Leaf

June 15, 2015 at 12:46 pm | Posted in Diagnosis, Family, Mind, Nature, Senses, Sight, Touch | 6 Comments
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Touch one, touch all.

At age three, you or your child may be told to put 50 fallen liquidambar leaves in a bucket.

Sounds fair: kids should help around the home.

50 ain’t many.

It’s a fine day.

Parents are near.

So why the crying?

The liquidambar leaf shape is relatively complex.

Worse, it can take infinite autumnal hues.

To an aspie toddler, a sole leaf may look challenging enough.

Mixed with other leaves, it becomes even more complicated – with endless permutations.

Focused on one leaf, the other 49 seem legion; the work highly daunting.

With more leaves falling on already cleared ground, the task appears impossible.

Too many simultaneous data overload the brain – triggering stress and threatening shutdown.

Mother can’t fathom the problem.

Nor can father, who becomes irate.

Yet the ‘brat’ before him isn’t ‘spoilt’, ‘stupid’, ‘disobedient’, ‘wilful’ or ‘lazy’.

Merely showing an early sign of what may take decades to identify and address.

It’s therefore advisable to try the ‘teaspoon test‘ before things turn ugly.

Doing so will likely save all parties time,

effort and

tears.

Brought to you by The Feisty Empire.

Pic by The Marmot.


If you found this post useful or entertaining, you may wish to:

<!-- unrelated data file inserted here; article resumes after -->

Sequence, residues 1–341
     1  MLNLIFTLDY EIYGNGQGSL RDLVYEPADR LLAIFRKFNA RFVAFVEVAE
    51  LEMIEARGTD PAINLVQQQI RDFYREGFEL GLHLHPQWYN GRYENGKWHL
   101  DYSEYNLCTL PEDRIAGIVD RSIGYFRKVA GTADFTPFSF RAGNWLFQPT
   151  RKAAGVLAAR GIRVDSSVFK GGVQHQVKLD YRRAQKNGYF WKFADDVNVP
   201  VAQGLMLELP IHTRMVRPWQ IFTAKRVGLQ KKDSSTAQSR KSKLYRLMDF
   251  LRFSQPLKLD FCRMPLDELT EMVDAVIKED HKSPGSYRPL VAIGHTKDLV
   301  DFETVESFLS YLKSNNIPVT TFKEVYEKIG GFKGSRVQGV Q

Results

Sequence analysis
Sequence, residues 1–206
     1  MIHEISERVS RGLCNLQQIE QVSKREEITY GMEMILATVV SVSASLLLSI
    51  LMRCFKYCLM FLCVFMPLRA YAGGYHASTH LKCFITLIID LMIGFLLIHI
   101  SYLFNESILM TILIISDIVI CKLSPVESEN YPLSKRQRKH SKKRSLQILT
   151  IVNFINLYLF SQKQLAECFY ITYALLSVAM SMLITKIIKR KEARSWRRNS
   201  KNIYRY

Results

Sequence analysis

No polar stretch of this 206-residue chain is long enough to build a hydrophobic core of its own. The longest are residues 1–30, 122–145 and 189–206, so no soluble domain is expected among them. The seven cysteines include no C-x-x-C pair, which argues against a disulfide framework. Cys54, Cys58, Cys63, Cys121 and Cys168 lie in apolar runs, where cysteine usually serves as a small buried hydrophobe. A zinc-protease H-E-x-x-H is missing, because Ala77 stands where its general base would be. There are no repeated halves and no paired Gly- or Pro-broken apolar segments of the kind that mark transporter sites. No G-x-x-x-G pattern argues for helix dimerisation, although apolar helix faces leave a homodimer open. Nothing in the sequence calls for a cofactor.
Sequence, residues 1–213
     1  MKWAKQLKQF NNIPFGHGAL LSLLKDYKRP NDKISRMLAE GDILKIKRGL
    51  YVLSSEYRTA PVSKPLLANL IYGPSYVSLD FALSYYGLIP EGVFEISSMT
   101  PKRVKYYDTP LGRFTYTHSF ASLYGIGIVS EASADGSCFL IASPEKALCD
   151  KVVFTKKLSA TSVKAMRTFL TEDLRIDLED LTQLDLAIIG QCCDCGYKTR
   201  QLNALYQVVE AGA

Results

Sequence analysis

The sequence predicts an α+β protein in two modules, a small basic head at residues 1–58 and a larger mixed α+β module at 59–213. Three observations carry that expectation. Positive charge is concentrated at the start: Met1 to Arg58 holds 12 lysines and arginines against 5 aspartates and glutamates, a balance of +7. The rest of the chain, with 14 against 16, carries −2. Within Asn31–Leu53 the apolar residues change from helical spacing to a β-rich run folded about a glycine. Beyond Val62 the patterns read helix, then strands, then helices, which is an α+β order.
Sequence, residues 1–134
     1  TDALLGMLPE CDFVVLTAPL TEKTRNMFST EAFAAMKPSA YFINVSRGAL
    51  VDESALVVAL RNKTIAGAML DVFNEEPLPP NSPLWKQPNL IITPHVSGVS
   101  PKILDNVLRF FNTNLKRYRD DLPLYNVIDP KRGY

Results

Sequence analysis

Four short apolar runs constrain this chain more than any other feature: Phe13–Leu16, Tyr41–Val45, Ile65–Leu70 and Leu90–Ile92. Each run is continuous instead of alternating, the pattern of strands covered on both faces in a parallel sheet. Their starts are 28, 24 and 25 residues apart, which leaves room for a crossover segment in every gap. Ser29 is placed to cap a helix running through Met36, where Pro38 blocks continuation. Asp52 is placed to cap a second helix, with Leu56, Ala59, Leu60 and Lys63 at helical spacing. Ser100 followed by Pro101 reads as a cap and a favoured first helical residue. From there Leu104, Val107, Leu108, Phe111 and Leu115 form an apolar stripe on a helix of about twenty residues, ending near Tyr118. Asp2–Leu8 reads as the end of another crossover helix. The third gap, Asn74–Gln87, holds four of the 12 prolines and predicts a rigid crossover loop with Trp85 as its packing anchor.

Your smallest kindness will keep me going strong. With many thanks, Paul.


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Imagine

March 25, 2015 at 2:31 pm | Posted in Benefits, Interests, Mind, Recreation, Senses, Sight, Treatment | 4 Comments
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A very, very exciting day!

A very, very exciting day!

Do you wonder what aspie fiction is like?

This collection of 19 short stories may give you an idea.

There's your book; now ... buy it!

There’s your book; now … buy it!

It took 20 years to create.

That should make it 200% better than Catch 22.

You can determine if this is true by buying Imagine Day.

To do so, go here or email paul@thefeistyempire.com to request a personalised message.

This first edition, strictly limited to just 200 copies, will be the only one featuring dedications written with my Magic Red Pen.

Regular readers of this blog will know I don’t flog stuff.

So this book must be rather special.

How frightfully exciting!

🙂

Brought to you by The Feisty Empire.

Transference

March 5, 2014 at 8:55 am | Posted in Animals, Family, Mind | 4 Comments
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The puppy as a child.

The puppy as a child.